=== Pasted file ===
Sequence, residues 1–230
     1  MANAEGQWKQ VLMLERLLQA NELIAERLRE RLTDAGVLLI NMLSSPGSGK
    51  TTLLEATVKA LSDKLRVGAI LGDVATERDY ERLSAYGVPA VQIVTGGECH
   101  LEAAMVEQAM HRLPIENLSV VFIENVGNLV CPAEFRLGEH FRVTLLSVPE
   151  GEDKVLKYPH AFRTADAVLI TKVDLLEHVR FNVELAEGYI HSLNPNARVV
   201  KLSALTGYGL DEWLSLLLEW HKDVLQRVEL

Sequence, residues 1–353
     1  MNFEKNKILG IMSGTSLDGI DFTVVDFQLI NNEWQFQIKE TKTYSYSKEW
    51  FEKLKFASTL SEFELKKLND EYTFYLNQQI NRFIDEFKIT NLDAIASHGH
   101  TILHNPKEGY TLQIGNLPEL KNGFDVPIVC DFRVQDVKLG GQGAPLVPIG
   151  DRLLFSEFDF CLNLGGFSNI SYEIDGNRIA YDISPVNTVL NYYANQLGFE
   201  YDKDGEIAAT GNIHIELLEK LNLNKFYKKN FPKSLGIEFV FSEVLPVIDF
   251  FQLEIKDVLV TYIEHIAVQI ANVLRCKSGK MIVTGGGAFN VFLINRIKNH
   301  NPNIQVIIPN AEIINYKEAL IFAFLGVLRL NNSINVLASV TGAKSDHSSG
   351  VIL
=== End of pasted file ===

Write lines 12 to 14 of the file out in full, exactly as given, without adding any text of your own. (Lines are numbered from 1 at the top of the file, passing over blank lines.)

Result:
   201  YDKDGEIAAT GNIHIELLEK LNLNKFYKKN FPKSLGIEFV FSEVLPVIDF
   251  FQLEIKDVLV TYIEHIAVQI ANVLRCKSGK MIVTGGGAFN VFLINRIKNH
   301  NPNIQVIIPN AEIINYKEAL IFAFLGVLRL NNSINVLASV TGAKSDHSSG